Concern raised over potential £657k rise as operator change planned for Suffolk school contracts

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Suffolk Norse operates a mixed fleet of coaches and service buses. RICHARD SHARMAN

The East Anglian Daily Times has reported concern that dozens of school bus routes in Suffolk will be run by one of the council’s wholly-owned companies from September, after the collapse of existing arrangements, which could mean that they cost more than half a million pounds more to operate.

Current provider Suffolk Norse served notice of its joint arrangement with Suffolk County Council to provide up to 40 school routes as well as services which transport pupils to swimming lessons across the county, in September, the newspaper reports.

The council’s cabinet agreed a new contract with Vertas, a company wholly owned by the council, for those routes from the start of the new school year in September, which the authority said includes the transfer of staff, buses and depots to Vertas.

Andrew Reid, Conservative Cabinet Member for Transport, told the newspaper that Suffolk Norse had faced ‘economic challenges’ which resulted in a revised proposal being tabled, and which he claimed would have resulted in significant increased costs for the council. The council rejected that proposal, which prompted Suffolk Norse to serve notice on its contract.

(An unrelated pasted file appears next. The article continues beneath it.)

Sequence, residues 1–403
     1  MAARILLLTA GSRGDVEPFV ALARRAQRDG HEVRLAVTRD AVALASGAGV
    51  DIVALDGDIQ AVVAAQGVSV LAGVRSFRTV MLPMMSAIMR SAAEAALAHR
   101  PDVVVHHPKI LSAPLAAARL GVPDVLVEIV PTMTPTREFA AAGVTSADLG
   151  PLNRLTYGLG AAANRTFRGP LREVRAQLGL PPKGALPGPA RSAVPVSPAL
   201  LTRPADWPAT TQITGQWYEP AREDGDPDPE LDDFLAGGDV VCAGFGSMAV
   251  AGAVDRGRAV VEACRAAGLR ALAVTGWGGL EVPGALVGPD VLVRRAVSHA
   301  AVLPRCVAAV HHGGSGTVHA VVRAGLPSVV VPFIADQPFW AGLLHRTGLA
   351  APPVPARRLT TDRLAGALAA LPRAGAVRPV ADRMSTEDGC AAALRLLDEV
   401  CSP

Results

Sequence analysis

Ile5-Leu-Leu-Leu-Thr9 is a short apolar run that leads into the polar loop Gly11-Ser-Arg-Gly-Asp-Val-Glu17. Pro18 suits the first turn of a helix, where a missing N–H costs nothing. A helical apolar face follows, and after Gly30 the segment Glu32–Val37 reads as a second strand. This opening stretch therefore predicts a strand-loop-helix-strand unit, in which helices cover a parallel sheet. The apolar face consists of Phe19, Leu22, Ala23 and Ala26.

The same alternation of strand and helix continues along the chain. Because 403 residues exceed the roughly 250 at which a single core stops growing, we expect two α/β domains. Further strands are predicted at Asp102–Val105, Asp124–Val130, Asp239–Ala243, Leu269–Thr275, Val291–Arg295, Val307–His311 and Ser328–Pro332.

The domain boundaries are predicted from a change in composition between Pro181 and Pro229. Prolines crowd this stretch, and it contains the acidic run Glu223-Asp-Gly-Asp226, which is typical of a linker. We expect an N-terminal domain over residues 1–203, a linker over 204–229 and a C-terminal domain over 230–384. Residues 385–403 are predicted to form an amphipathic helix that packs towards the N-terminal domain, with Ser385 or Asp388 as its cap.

Andrew said that the new contract could result in a price increase of between £33,000 and £657,000 more than it did in the 2019/20 school year, depending on the results of inspections of the vehicles.

He said that: “Suffolk County Council has a statutory obligation to provide home-to-school transport for entitled children. Faced with the dilemma of increased costs and the real potential of not having sufficient provision in September 2021, the county council have no choice but to look at alternatives.”

Gordon Jones, Conservative Cabinet Member for Finance, added that the increased costs will be funded from the risk reserve, with the Vertas proposal representing the least financial and operational risk to the council, which said that the contract was not put out to tender for other companies to bid for because it was felt some of the routes could be left without a provider. It said that an exemption in procurement laws meant Vertas could be contracted because it is a company within the authority’s control.

However, an open letter co-signed by Ipswich Buses, Stephensons of Essex and eight other local operators called on the council to reconsider: “The proposal and recommendations make little sense, either to the council taxpayers in Suffolk, or to operators who have seen their businesses hit by the Covid-19 pandemic and who have ample spare capacity to take this work on.”

The letter went on to say: “We believe that by offering these contracts to commercial operators the County Council would make substantial savings which could then be reinvested in supporting the County Council’s wider Public Transport plan,” and that the council’s plan was not in the best interests of council taxpayers.

Labour group Leader Sarah Adams backed the call for a full bidding process: “I really do think this should properly go out to tender and if we are doing the best for the Suffolk taxpayer we should get the best value.”